This Mississauga neighbourhood has one of the highest COVID-19 percent positivity rates in Ontario

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One Mississauga neighbourhood has one of the highest COVID-19 percent positivity rates (percentage of positive COVID-19 tests in the area) in Ontario, according to Toronto-based research group ICES.

ICES provided an overview of the sociodemographic and clinical characteristics of individuals in Ontario who tested and confirmed positive for COVID-19 during the week of January 10 to 16.

From January 10 to 16, the Mississauga area with postal code beginning with L5W (area of Derry and Mavis Rd) had one the highest percent positivity rates at 16.9%.


The top 10 Ontario neighbourhoods included five from Peel:

  1. L6P, Brampton at 19.4% (area of Castlemore and The Gore Rd)
  2. L5W, Mississauga at 16.9% (area of Derry and Mavis Rd)
  3. L6T, Brampton at 16.6% (area of Highway 407 from the 410 to Goreway Dr)
  4. L6W, Brampton at 16.0% (area of Steeles Ave East and Kennedy Rd South)
  5. L6R, Brampton at 15.8% (area of Bramalea Rd at Sandalwood Pkwy East)

The rest of the top 10 constituted four neighbourhoods in Toronto and one in York Region.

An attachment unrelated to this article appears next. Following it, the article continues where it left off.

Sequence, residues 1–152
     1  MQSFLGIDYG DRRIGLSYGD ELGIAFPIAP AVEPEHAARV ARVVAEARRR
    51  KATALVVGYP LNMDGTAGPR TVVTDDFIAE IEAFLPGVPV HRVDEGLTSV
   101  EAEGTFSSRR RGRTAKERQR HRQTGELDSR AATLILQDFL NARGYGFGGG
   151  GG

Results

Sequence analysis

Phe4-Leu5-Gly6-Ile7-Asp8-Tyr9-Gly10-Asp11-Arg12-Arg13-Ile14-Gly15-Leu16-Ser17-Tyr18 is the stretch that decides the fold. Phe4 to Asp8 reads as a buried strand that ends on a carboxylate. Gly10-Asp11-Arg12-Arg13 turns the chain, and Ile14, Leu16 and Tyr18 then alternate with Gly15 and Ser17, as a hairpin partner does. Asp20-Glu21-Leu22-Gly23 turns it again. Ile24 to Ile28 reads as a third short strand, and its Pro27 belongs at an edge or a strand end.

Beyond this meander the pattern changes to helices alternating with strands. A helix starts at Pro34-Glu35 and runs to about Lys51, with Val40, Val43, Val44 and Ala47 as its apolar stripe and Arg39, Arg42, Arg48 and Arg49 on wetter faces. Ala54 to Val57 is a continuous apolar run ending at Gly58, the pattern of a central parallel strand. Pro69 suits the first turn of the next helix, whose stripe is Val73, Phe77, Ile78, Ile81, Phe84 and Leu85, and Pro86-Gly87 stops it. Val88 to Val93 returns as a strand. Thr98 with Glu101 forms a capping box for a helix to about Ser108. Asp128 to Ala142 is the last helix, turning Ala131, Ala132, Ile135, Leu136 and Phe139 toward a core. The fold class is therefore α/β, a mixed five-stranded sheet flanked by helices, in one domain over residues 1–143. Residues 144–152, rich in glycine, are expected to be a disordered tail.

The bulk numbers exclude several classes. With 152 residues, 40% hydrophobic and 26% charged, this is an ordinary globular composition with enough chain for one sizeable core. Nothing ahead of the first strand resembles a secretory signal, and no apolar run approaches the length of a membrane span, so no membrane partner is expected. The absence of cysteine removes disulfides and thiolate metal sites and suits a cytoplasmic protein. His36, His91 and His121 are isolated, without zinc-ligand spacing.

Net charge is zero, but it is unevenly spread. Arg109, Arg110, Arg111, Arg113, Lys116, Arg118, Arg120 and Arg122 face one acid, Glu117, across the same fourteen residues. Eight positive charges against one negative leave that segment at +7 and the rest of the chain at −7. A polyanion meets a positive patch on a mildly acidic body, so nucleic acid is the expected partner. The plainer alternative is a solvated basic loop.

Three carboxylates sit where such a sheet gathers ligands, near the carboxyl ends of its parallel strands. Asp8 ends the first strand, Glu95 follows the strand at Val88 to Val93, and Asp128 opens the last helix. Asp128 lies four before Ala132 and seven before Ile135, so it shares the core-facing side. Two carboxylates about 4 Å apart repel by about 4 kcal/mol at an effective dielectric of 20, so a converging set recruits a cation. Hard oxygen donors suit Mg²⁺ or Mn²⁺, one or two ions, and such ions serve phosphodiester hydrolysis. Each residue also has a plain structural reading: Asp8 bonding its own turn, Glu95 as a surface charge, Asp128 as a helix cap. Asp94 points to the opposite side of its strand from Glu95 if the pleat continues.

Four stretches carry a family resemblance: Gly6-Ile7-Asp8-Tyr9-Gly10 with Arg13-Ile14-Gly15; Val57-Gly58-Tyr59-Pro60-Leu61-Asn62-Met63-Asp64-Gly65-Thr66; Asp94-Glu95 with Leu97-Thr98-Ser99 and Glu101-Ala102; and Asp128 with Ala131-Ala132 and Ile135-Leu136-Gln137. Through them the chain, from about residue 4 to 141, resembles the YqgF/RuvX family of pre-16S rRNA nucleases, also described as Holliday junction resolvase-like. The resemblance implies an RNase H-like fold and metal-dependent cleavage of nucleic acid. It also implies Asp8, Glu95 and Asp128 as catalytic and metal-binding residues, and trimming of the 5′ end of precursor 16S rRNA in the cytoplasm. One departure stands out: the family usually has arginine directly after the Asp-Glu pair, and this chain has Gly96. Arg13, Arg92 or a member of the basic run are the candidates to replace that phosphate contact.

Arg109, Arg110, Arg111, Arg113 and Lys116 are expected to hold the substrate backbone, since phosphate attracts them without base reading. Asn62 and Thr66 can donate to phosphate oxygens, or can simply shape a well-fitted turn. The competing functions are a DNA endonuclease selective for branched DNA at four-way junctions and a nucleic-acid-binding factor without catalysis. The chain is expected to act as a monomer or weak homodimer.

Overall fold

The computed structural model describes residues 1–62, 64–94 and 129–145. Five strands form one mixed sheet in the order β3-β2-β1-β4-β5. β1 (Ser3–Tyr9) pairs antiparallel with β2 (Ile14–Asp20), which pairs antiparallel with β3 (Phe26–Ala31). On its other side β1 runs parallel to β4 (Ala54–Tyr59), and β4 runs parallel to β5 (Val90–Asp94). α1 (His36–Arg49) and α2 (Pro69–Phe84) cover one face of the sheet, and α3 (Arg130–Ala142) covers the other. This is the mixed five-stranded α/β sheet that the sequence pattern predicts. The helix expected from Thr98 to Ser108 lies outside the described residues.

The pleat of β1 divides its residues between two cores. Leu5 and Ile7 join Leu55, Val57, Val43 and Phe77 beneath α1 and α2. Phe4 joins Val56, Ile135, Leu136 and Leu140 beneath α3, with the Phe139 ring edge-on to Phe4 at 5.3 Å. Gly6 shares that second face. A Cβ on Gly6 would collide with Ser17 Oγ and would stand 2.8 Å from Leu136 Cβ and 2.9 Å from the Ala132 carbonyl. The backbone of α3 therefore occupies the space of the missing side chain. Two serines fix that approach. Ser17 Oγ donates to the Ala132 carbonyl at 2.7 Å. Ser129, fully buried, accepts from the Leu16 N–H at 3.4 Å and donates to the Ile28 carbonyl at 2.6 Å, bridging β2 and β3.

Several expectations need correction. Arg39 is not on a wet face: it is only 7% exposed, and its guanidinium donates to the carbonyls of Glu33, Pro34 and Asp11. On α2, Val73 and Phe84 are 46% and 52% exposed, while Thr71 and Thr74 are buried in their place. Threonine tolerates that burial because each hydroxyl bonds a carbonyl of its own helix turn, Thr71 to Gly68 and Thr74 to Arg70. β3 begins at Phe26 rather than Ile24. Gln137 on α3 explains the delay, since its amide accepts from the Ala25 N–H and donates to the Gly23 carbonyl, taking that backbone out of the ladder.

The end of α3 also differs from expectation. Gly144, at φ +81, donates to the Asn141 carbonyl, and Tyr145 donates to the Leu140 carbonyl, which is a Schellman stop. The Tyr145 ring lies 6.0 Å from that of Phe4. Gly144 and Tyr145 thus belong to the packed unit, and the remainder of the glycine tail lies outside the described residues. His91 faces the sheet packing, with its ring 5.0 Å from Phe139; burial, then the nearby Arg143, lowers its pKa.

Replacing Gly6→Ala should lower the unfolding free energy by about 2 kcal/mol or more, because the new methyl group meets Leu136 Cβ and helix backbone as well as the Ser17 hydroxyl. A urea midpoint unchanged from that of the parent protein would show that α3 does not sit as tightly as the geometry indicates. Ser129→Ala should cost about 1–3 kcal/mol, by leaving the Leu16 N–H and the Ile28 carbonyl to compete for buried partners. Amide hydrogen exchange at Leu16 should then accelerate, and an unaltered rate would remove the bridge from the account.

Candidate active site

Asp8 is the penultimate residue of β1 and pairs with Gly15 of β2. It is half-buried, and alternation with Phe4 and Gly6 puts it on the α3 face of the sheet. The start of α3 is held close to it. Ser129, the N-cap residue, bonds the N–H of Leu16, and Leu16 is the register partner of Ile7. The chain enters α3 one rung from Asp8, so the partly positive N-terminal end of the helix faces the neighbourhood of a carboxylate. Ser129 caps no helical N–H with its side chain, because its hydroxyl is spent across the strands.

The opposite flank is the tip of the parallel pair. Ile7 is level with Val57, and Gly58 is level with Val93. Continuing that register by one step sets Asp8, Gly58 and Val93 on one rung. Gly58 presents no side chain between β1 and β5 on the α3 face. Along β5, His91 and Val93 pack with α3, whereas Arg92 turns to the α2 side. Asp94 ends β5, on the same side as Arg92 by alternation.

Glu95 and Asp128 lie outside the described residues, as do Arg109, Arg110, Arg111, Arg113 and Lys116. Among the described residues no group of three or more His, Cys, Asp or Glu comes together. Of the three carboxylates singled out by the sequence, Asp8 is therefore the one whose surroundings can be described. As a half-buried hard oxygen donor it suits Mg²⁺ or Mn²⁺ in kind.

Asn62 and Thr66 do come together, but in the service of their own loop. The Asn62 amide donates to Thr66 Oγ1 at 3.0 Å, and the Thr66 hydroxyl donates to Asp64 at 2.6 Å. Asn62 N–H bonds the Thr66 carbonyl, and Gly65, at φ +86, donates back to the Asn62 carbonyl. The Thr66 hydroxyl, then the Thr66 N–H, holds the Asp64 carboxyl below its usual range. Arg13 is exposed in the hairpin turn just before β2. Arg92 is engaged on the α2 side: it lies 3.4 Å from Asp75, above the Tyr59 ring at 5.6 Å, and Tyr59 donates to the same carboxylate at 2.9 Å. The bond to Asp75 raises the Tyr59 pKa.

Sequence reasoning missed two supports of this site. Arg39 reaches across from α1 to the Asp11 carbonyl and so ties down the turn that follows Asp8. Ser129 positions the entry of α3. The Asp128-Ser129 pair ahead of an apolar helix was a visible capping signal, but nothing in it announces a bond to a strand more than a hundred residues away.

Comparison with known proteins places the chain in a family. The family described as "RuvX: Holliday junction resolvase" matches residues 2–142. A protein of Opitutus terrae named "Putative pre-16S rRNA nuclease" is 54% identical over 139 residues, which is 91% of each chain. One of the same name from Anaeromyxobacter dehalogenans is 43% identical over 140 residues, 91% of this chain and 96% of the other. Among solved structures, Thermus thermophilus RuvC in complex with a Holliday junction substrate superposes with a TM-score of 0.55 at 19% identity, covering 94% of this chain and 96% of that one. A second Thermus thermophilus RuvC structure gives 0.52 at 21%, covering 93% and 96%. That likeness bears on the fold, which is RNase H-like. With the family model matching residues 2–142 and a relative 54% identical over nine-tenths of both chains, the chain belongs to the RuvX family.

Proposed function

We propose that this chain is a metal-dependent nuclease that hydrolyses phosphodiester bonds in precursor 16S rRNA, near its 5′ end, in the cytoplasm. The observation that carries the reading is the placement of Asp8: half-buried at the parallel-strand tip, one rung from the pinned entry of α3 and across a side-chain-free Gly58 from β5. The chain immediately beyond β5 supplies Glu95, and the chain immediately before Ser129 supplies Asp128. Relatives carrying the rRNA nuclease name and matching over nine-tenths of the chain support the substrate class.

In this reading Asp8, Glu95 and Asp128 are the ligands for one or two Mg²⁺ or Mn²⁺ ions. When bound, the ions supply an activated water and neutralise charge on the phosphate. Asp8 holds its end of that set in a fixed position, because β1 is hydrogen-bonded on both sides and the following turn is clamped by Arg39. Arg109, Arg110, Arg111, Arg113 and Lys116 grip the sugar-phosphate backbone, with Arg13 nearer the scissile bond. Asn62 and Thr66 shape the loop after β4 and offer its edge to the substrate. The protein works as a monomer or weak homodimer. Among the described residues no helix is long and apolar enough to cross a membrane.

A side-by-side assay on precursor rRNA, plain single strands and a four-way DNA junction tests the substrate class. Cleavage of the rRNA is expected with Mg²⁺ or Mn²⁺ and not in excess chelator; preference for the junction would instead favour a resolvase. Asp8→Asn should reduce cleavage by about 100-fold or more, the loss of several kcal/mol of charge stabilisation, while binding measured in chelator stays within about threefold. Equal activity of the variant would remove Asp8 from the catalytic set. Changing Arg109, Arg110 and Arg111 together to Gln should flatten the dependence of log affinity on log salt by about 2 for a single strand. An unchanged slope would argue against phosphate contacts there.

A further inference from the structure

Three notable findings

According to ICES’ data, Peel had the highest percent positivity (11.7%) out of all of Ontario’s 34 Public Health Units, followed by Toronto and Windsor-Essex County. Ontario’s overall percent positivity was 5.4%.

notable findings

“The percent positivity was relatively lower among persons living in long-term care homes (4.5%), compared to those not living in long-term care (5.5%),” ICES said.

“Twelve FSAs (forward sortation areas) had 15% positivity or greater (within Toronto, Peel, and York), representing a decrease in the number of high-positivity FSAs compared to the week of January 3 (during which twenty four FSAs had greater than 15% positivity). Numerous high-positivity FSAs (L5W, L6W, L6Y, L4T, N4W, M6M, M1C, L4Z, N8H, MU, L4L, M2J, M2R) were also experiencing outbreaks in long-term care homes.”

ICES says percent positivity increased among children over the course of December, but these changes did not always correlate with changes in incidence, likely due in part to decreased testing rates.

Testing rates decreased over the course of December for all age groups, especially for children aged 2-13 years.

The full data is available to read here.

Images courtesy of ICES

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